Archive 2001

  • 24.01.2001

    A Second Economic Divide in Europe?


    The division of Europe in market and centrally planned economies after World War II was associated with an increasing divergence of per capita incomes. While per capita incomes of the present EU members and the other market economies in Europe have converged during the post-war period, the income gap between the market and the planned economies has increased continuously after World War II. Neither the forced accumulation of physical and human capital nor moderate market reforms such as the "New Economic Mechanism" in Hungary or the "Perestroika" under Gorbachev in the former Soviet Union did reverse this trend. The realisation of the fact that a convergence of per capita incomes to Western standards was not possible within the framework of state property and centrally planning, was one, if not the driving force behind the collapse of central planning. At the outset of transition, the population in the Central and Eastern European (CEE) countries as well as most economic experts expected that the convergence of economic systems will yield a convergence of per capita incomes. Ten years after the begin of market reforms, the record of transition and economic reforms in Central and Eastern Europe is mixed: While all transition countries experienced a deep decline in output initially, there is only a small group of countries which realised growth rates well above those of the present EU members after the end of the transitional recession. In an other group of countries the income gap to the EU has remained constant, and in a third group the transitional recession has not yet come to an end.

    This mixed record raises the concern that we will face a second economic divide in Europe between a "convergence club", which includes the present and future EU members, and sample of diverging countries, consisting of the CIS members and some other countries such as Bulgaria and Romania. However, present trends need not hold true for the future and depend heavily on economic policies. Nevertheless, the optimistic hypothesis that per capita incomes of the East will converge to Western levels in the wake of economic reforms has to be proved carefully.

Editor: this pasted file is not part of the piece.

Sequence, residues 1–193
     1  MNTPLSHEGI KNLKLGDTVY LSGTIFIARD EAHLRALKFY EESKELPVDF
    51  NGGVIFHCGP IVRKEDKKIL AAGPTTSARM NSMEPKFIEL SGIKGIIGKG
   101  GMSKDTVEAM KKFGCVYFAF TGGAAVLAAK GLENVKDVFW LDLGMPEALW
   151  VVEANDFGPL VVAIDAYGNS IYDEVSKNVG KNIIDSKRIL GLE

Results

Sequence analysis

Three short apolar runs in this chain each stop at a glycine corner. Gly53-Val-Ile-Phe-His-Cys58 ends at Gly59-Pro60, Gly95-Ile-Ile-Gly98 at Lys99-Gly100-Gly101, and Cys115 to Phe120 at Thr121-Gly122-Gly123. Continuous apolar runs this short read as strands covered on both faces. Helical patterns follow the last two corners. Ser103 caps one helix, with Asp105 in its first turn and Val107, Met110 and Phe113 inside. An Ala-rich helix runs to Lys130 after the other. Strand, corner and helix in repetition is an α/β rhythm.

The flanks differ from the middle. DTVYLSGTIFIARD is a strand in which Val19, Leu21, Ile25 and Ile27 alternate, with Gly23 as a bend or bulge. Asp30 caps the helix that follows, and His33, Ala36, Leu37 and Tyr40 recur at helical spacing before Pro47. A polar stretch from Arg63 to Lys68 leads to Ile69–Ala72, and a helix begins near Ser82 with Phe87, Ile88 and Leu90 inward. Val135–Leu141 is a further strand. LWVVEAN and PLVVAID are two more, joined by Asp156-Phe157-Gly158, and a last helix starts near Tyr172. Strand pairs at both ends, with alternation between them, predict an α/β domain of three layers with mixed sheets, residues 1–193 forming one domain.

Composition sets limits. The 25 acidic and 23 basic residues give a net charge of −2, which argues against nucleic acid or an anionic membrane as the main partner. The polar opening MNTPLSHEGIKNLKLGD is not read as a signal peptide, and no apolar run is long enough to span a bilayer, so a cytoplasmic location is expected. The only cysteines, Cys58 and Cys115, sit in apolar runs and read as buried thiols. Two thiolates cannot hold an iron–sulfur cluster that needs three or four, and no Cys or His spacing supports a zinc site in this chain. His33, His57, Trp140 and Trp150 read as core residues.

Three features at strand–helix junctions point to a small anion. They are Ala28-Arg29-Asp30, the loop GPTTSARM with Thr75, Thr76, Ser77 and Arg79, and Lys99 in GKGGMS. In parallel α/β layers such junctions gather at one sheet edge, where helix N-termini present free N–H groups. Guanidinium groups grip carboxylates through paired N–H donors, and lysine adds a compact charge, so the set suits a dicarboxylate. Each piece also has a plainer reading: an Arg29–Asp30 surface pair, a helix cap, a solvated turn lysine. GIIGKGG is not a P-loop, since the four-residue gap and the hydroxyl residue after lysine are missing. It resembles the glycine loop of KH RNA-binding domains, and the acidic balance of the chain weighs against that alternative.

In this Chapter the prospects for the convergence of per capita incomes between the East and the West in Europe are discussed on the background of our theoretical and empirical knowledge about growth and convergence. The argument is organised along the following lines: First, the theoretical arguments for the convergence and divergence of per capita incomes are briefly reviewed. Second, the empirical evidence for convergence among the market economies and divergence between the market and the planned economies in post-war Europe is proved. Third, the different developments among the transition economies after the begin of economic reforms are described and the explanations for the divergence in the post-transition period are discussed. The final Chapter summarises the main arguments and draws conclusions for the convergence process.

    Attached file  (356.4 kb)
    Authors:  Brücker Herbert
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